Speed limits on limited access highways, freeways, and expressways vary between states. But all states have one speed law in common.
Look at the following question:
What is always a safe speed on a limited access highway? 20 mph? 40 mph? 60 mph?
The simple answer is that no speed is safe at all times. Or, in other words, a posted speed limit of 65 mph does not always mean 65!
You are always required to drive at a speed that is reasonable and prudent under the circumstances, conditions and actual and potential hazards.
This requirement is known as the basic speed law or general speed law.
Remember, a posted maximum speed limit shows the fastest speed you may drive under ideal conditions. When the weather is bad or there is a lot of traffic, you must slow down. It is always unlawful to drive at a speed which endangers the safety of persons or property.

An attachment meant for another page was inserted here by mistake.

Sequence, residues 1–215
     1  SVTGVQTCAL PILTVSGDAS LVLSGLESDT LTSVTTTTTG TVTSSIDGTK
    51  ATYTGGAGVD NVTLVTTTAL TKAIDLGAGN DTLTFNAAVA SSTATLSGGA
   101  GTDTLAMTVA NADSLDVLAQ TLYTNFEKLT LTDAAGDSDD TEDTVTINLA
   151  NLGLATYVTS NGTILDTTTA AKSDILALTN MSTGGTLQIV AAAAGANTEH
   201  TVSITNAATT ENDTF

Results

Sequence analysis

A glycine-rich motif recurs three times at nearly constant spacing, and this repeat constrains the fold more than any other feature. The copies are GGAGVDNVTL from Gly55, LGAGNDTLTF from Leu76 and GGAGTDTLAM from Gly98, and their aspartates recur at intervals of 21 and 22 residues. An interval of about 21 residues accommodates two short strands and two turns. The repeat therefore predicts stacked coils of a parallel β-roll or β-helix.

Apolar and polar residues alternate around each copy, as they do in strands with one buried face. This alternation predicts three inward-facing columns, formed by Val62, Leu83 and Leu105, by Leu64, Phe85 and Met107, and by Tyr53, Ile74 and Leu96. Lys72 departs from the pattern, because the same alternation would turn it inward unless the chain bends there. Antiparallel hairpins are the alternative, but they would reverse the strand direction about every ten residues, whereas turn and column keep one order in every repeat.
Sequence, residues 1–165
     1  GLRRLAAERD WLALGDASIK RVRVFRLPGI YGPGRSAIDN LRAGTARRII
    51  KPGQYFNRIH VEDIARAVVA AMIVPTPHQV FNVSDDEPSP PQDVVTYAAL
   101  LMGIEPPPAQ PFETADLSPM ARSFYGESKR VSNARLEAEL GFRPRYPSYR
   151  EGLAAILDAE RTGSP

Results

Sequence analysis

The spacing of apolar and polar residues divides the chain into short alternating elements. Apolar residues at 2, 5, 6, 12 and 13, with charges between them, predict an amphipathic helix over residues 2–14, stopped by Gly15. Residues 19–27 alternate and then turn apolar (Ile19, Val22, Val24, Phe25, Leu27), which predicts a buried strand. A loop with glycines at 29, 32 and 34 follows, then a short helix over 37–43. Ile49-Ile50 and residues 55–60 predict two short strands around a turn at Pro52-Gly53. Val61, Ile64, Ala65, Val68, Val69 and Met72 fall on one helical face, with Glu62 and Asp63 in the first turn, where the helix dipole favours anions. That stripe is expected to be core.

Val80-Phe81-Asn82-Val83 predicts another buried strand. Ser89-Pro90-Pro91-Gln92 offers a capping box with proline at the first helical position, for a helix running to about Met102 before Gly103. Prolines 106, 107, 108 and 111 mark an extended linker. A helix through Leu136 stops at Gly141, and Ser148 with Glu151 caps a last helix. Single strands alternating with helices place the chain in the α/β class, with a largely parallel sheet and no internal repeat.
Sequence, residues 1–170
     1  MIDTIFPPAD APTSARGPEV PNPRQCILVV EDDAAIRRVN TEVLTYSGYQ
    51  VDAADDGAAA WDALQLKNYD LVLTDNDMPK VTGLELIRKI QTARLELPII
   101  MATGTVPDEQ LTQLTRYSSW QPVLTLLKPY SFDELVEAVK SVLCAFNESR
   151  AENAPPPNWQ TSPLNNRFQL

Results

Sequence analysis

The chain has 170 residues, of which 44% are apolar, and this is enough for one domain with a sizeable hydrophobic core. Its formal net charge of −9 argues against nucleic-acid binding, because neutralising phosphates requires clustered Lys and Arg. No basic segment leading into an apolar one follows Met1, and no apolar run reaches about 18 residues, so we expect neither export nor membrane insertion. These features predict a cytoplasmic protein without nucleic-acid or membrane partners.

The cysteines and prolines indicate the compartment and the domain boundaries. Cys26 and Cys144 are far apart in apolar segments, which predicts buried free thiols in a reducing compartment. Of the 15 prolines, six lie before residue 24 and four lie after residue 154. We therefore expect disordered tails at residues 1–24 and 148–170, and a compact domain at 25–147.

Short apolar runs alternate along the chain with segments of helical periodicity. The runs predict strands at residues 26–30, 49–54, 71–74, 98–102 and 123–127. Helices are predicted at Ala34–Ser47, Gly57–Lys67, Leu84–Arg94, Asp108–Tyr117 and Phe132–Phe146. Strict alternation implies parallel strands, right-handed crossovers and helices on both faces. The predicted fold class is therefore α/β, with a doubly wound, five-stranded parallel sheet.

What is a safe speed? A safe speed is the speed that allows you to have complete control of your vehicle and avoid actual and potential hazards.
Several questions on your test will ask you about situations when you must adjust your speed. Excessive speed is often the factor that turns a minor incident into a fatal crash. It is also the most important cause of car skids.
While excessive speed is a main factor in crashes, driving too slowly is also dangerous. Some highways have minimum speed limits, where slow speeds can impede traffic flow or be dangerous. You may only drive slower than the posted minimum speed limit when conditions require it (the basic speed law).